It sounds ridiculous. That someone like me, who has taken about 1000 flights in my life, is suddenly scared to fly. Well, it’s not quite so sudden. It’s more like two years old now. I wasn’t too worried at first. Mostly because I figured it would just go away. But it hasn’t. It’s gotten worse.
It all started when I went with my sister down to Vegas for my birthday. It was a relatively short direct flight during a clear day. There was really nothing to be worried about. We were chatting excitedly about our upcoming escapades, when suddenly the plane dropped. It was unlike any other “turbulence” I had experienced before. The plane jerked and dropped violently. There was no warning, no indication what could be happening. Drink carts fell over, people panicked, overhead bins flapped open flinging out their cargo, flight attendants all rushed to their seats.
The terror went on for a good 15 minutes. I was crying. A lot of people were. The pilot didn’t give us any update so I knew it was bad. There was just radio silence. Nothing but the desperate gasps and whimpers of my fellow travelers every time we would hit a “pothole in the sky”. That was what my sister called them. When she saw me going hysterical she instantly reverted into Mom-mode. I was only distracted for a few seconds at the hilarity of her analogy.
When I looked out the window, the wings of the plane seemed to be twisting and the plane was no longer level. I was pretty sure we were somehow sideways. There were no clouds, the sun was shining, so I could only deduce it was mechanical. We were goners.
I tried to recount all my important moments of my life so I could get some meaning. Thinking this was the end, I wanted some clarity. I couldn’t believe my sister was sitting there pretending it was going to be ok. I was glad I was with her and not alone. But for a fleeting moment, I kind of wished we would have gone down AFTER the trip to Vegas. At least that would have been one great last hurrah.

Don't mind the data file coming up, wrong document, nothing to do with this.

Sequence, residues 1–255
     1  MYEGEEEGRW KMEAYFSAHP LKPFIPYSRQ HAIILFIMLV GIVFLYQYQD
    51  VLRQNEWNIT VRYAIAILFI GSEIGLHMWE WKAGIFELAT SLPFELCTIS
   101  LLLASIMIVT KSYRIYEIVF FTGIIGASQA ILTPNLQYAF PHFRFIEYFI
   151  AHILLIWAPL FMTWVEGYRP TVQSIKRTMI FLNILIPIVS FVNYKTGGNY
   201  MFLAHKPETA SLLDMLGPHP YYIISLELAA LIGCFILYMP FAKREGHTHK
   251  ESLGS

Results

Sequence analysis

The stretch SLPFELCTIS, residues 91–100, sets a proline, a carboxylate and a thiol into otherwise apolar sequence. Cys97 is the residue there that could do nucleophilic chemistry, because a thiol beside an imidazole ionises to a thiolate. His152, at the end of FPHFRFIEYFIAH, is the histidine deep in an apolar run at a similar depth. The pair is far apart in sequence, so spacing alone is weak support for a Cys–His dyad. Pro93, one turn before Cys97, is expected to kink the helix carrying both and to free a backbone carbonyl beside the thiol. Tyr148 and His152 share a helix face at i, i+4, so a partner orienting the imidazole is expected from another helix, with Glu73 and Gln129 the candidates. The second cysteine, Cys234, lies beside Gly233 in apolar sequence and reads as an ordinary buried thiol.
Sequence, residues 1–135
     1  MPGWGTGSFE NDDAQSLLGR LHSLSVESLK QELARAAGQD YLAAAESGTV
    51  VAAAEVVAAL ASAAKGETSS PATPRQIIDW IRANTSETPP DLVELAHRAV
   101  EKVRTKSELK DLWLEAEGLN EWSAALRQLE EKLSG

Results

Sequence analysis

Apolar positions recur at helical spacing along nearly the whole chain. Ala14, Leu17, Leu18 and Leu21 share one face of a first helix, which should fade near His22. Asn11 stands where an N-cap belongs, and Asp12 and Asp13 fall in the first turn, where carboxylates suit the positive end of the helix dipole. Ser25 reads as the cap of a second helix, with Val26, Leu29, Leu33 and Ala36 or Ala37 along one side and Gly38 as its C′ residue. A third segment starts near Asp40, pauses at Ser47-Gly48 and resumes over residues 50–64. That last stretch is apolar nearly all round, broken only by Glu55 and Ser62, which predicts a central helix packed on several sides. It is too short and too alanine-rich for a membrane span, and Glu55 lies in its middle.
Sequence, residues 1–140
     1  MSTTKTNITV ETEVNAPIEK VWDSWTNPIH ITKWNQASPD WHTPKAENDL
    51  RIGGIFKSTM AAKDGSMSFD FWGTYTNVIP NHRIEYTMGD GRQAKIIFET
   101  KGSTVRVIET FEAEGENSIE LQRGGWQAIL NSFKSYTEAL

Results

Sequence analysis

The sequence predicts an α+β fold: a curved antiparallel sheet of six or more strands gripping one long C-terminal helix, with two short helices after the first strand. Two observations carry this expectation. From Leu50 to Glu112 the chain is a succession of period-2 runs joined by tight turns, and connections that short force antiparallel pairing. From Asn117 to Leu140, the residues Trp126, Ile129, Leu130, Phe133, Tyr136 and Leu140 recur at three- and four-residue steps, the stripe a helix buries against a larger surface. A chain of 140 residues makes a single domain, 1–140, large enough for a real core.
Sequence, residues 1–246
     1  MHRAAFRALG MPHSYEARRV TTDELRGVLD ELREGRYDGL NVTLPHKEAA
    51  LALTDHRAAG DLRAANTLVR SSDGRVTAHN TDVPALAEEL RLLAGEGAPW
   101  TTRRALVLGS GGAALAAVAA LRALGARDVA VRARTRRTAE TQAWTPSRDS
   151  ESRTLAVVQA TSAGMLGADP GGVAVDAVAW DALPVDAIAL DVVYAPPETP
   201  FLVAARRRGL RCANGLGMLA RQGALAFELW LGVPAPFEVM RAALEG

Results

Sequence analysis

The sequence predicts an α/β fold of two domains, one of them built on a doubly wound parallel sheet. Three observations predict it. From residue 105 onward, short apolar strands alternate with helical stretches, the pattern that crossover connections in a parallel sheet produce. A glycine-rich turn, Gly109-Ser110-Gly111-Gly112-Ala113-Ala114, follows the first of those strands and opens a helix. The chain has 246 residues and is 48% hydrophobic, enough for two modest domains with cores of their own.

In any case, the plane didn’t crash. We never did get an explanation of what happened, but one of the more seasoned flight attendants did admit that was the worst he had ever seen. As soon as we landed, I began making mental plans on how I was going to get back to Edmonton in a week. Train, bus, car, heck, I would have walked. I was never so glad to be back on Earth.
So yeah, that was a little over two years ago. I have taken a few flights since, but seems I have some PTSD. I get extremely nervous, sweaty, out-of-control shaking, tearful, hyperventilating. The flight attendants almost always think I am a first time flyer and treat me with kid gloves. I’m too busy trying to deep breathe to explain this is a recent development. They wouldn’t believe me if I showed them my passport.
I usually get special treatment and even congratulatory chocolates right before we land. One sweet steward saw my predicament, and knelt beside me.
He whispered his secret: No one knows this but I am actually “Superman” and if anything goes wrong, I will fly under the plane and lead us down safely.
Seriously. I am a 40-year-old woman. But I was in a space that I actually entertained the idea for a little while. Bless his heart. There really are some good people out there. His story wasn’t really doing it for me, but the fact that he was trying to do it for me, did.
So I need to get past this. I have read stuff and watch videos about getting over the fear of flying. I even went to therapy. But so far, I am still grounded. Any one have any ideas of what I can do to solve this? There is a cruise or two I want to go on, and this is really cramping my style.
Today I am grateful for caring, comfort, empathy, humor, and facing fears.